Interesting to note that DABUS was allowed to carry out image-to-text processing wherein many of these hybridized faces became associated with their autonomously generated captions. For instance, DABUS named the fictitious Einsteins Bruce, Hillary, and Curly, respectively from top to bottom!

2012-2017, DABUS Fantasy Scene Generation

By 2012, DABUS had seen thousands of photographs and was able to synthesize many new imaginary scenes. Note that these were full 640x480 pixel, 24 bit depth renderings and not attempts at replacing small patches of existing photos with substitute imagery. In other words, each of these images formed in parallel. Furthermore, the system cumulative learned what appealed most to it, thereafter generating many variations on its favorite themes.

DABUS Generated Art: Basement Cleanup

2014: Basement Cleanup

Generated and named by DABUS.

DABUS Generated Art: Industrial Paradise

2014: Industrial Paradise

Generated and named by DABUS.

DABUS Generated Art: Locomotive Bubble Bath

2014: Locomotive Bubble Bath

Generated and named by DABUS.

DABUS Generated Art: Sidewalk Beggar

2014: Sidewalk Beggar

Generated and named by DABUS.

DABUS Generated Art: Fish Dream

2015: Fish Dream

Generated and named by DABUS.

DABUS Generated Art: At Your Own Risk

2017: At Your Own Risk

Generated and named by DABUS.

2012, DABUS Trauma Imagery

Out of pure curiosity we allowed the random snipping of connections within DABUS to simulate a dying brain, thus generating some very interesting imagery. The system was also able to name the resulting artwork, at least at the early stages of neural destruction. Copyright notices were added to them in 2016 as these and more trauma-induced images appeared in Urbasm under the title, "Artificial Intelligence – Visions (Art) of a Dying Synthetic Brain."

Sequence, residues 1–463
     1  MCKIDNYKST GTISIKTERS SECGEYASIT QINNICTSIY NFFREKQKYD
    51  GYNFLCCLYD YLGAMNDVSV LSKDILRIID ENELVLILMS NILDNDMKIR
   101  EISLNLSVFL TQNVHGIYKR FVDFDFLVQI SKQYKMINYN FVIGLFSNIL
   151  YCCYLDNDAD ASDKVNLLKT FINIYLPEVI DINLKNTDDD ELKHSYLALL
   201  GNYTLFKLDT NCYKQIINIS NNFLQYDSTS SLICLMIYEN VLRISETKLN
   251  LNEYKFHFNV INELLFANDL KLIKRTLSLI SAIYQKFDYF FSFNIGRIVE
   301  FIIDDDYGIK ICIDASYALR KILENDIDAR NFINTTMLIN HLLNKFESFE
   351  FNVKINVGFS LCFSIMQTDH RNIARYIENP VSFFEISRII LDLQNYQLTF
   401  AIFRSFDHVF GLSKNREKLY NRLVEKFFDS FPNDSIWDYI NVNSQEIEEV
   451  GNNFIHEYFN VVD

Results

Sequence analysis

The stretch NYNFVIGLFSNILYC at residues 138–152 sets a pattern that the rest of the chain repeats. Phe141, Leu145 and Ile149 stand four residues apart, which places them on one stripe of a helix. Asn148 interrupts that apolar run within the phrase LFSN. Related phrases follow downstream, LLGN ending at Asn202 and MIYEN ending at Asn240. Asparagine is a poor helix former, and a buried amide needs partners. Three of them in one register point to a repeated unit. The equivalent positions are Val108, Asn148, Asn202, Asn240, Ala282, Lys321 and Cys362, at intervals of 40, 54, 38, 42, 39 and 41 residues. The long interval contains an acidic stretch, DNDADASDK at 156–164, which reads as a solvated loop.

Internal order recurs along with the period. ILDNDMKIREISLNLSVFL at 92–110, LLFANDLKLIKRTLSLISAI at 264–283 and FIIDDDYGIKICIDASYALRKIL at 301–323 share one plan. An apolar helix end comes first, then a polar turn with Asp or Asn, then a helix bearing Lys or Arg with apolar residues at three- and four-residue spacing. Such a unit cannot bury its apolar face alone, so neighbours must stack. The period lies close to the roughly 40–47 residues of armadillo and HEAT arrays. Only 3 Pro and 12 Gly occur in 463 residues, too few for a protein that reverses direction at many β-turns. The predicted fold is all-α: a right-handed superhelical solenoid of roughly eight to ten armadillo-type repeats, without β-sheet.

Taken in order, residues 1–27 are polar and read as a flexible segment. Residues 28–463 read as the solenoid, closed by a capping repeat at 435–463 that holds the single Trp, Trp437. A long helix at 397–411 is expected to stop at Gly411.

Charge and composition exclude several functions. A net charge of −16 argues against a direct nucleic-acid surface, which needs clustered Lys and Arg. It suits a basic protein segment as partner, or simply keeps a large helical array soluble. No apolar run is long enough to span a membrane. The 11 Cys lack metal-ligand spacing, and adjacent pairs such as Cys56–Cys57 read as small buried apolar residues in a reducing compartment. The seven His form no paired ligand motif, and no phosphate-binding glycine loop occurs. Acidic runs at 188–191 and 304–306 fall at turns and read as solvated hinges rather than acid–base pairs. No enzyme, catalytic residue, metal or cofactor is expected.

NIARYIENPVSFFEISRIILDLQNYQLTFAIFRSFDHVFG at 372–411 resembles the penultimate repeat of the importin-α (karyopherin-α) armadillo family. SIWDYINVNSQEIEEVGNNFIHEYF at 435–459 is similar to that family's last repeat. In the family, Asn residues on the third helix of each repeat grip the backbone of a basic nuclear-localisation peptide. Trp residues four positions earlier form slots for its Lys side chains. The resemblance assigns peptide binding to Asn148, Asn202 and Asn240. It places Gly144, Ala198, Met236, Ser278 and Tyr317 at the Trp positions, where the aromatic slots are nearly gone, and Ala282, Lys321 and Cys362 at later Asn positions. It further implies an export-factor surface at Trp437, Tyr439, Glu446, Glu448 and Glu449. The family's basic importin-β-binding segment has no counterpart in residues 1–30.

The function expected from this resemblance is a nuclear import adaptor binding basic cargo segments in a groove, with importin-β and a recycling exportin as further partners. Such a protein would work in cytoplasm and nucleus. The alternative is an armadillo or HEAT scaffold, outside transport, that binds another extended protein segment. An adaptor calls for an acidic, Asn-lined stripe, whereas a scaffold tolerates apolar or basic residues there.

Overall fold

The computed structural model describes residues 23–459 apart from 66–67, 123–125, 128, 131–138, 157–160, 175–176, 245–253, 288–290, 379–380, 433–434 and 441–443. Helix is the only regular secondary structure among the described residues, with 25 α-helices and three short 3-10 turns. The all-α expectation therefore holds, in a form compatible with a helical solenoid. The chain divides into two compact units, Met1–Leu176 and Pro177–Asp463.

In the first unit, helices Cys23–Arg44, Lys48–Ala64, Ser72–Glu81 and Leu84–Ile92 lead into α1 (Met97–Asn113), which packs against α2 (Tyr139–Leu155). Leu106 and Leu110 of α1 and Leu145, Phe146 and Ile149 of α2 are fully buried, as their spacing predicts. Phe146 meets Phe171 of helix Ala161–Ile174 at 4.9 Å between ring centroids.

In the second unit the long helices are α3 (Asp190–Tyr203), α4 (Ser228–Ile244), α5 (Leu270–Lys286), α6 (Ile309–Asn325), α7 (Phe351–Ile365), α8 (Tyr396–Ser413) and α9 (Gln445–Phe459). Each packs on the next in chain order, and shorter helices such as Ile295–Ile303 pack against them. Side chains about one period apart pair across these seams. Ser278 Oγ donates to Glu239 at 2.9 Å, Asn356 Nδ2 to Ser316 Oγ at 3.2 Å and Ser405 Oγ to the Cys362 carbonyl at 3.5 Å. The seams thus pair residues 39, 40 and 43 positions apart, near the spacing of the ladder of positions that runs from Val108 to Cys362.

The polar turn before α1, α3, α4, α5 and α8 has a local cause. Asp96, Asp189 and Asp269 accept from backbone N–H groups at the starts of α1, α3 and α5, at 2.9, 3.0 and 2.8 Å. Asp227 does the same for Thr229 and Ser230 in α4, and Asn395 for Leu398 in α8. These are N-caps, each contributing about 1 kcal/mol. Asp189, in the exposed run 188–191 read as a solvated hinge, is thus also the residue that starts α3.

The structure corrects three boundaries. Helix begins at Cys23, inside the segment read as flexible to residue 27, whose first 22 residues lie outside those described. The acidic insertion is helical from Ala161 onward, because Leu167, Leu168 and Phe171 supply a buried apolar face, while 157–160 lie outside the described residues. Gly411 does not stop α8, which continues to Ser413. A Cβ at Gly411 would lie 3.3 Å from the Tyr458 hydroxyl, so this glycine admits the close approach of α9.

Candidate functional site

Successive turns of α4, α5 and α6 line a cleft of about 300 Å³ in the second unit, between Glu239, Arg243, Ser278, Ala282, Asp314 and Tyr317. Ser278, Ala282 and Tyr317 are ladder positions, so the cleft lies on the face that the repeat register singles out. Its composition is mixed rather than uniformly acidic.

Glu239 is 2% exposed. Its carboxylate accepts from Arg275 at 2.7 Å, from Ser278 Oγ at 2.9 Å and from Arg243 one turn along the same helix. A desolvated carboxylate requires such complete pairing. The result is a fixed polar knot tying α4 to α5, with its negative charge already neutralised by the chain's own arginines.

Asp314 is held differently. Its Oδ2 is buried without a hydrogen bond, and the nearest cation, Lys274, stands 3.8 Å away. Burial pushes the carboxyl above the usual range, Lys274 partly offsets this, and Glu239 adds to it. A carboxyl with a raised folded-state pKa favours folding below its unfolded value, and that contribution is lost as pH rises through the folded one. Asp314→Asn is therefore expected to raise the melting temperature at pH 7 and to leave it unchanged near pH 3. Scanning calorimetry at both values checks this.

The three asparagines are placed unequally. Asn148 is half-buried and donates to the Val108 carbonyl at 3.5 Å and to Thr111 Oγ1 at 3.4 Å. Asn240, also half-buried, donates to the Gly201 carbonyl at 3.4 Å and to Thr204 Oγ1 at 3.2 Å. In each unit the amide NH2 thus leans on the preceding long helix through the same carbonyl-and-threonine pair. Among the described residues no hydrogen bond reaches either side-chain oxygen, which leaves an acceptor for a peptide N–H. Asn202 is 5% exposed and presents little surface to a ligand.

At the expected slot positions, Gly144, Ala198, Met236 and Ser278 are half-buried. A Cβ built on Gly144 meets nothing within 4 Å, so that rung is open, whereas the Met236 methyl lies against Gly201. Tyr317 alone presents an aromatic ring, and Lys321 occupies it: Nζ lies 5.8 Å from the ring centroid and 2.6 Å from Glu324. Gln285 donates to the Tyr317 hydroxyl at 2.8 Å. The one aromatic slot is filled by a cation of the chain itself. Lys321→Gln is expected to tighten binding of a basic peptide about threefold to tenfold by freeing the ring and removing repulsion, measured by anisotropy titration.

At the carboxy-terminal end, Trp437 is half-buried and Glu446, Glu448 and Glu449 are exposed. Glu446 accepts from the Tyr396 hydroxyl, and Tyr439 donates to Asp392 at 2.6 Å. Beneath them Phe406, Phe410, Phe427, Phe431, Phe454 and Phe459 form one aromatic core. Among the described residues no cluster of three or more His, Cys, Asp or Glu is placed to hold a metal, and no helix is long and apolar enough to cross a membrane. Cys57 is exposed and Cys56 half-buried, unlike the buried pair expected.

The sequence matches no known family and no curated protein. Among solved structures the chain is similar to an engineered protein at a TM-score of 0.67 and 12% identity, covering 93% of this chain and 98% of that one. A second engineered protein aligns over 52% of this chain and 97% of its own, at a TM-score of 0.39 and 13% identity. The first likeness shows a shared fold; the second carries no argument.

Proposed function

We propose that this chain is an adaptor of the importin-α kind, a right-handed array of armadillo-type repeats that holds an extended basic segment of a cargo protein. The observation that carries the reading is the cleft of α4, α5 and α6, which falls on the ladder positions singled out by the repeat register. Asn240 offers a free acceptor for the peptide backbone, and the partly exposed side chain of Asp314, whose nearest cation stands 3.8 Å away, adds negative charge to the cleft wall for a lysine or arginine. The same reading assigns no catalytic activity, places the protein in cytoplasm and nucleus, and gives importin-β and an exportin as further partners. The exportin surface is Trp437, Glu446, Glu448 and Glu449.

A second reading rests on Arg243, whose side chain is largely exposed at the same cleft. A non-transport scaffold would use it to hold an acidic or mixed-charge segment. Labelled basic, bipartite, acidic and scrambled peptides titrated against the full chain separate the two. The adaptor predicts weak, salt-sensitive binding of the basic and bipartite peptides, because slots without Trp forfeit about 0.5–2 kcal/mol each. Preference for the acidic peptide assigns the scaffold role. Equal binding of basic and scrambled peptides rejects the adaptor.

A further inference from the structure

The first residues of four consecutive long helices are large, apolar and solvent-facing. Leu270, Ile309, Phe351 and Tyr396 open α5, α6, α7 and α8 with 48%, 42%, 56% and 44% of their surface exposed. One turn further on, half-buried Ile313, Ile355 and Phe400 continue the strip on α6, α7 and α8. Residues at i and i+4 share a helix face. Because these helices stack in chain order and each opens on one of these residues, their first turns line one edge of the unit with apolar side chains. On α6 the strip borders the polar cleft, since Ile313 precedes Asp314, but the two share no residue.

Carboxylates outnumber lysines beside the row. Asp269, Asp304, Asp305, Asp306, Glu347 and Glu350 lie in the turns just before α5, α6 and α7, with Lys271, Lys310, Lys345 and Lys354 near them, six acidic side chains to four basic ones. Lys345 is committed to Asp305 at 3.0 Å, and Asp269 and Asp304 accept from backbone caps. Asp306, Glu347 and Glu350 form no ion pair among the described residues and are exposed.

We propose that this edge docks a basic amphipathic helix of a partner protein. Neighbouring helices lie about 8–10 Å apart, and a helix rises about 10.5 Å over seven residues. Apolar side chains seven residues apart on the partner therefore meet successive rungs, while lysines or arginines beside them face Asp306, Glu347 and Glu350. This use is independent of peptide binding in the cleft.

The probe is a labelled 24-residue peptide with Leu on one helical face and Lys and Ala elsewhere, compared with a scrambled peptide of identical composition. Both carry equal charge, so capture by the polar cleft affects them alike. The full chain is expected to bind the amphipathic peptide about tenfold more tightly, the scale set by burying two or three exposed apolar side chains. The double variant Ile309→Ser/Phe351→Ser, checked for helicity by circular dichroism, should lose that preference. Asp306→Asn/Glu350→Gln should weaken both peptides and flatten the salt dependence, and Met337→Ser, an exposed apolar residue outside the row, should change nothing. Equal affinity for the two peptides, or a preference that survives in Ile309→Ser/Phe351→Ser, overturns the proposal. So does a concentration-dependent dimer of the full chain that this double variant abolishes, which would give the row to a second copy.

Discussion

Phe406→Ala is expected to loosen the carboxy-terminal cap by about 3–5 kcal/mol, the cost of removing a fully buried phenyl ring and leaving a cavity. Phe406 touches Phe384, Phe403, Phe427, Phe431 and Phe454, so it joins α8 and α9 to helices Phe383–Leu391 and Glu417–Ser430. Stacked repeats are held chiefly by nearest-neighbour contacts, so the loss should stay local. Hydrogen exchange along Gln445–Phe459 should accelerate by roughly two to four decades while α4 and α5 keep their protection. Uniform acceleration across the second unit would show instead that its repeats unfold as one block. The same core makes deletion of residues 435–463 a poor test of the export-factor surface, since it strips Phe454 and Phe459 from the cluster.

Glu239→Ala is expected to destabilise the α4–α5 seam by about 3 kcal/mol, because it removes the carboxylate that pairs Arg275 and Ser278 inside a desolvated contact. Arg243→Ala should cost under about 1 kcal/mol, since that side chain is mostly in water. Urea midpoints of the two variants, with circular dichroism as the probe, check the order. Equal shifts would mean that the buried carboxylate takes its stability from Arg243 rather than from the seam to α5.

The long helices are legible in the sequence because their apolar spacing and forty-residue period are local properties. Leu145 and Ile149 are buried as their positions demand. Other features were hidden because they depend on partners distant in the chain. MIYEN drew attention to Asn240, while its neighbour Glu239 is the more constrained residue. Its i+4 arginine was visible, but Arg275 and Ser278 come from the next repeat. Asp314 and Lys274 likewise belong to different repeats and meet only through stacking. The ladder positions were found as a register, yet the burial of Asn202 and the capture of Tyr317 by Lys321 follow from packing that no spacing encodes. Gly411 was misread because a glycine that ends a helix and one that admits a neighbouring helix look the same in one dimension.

DABUS Generated Art: A Recent Entrance to Paradise

2012: Recent Entrance

2012: Image with generated title.

DABUS Generated Art: Guardian Greeter

2012: Guardian Greeter

2012: Image with generated title.

DABUS Generated Art: Locomotive Bubble Bath

2012: No Tranquility at All

2012: Image with generated title.

DABUS Generated Art: Sidewalk Beggar

2012: Retired Hell Admin Bldg

2012: Image with generated title.

Below we see some of the many elements contributing to the trauma-generated "A Recent Entrance to Paradise," most importantly the zone plate image which acts as a so-called "hot button" to initiate simulated neurotransmitter surge and the selective reinforcement of the entire chain of neural nets whose cleverly merged memories constitute this image. In effect, the zone plate became an impactful, artificially introduced memory, tantamount to recollections of existential events stored in our brains (i.e., falling, hunger, thirst, satiation, etc.). In humans, such hot button memories are congenital and acquired through generations of Darwinian natural selection.

So, no human guided the formation of this image. Instead, a human placed a net containing false memories of pain or pleasure within the DABUS system, in the same way nature installs certain primordial thoughts in our brains that guide cognition. After that, DABUS parted ways with humans, autonomously creating on its own.

2014, DABUS Free Run

DABUS was allowed free run, the equivalent of what humans might call free association. Below, one may see a stream of internal imagery with scenes gracefully blending into the next. Sometimes, more radical shifts occur.

So, make no mistake. These works of art are not the products of deep learning or adversarial nets. They were generated by Creativity Machines and DABUS long before these technologies, with one image in particular, "A Recent Entrance to Paradise," forming the basis of legal debates around the planet as to whether AI systems may own the the copyrights to the art they create.

Most important to realize is that DABUS is not being used as a tool to assist human artists. What emerges from this system are the thoughts of an autonomous and feeling machine intelligence!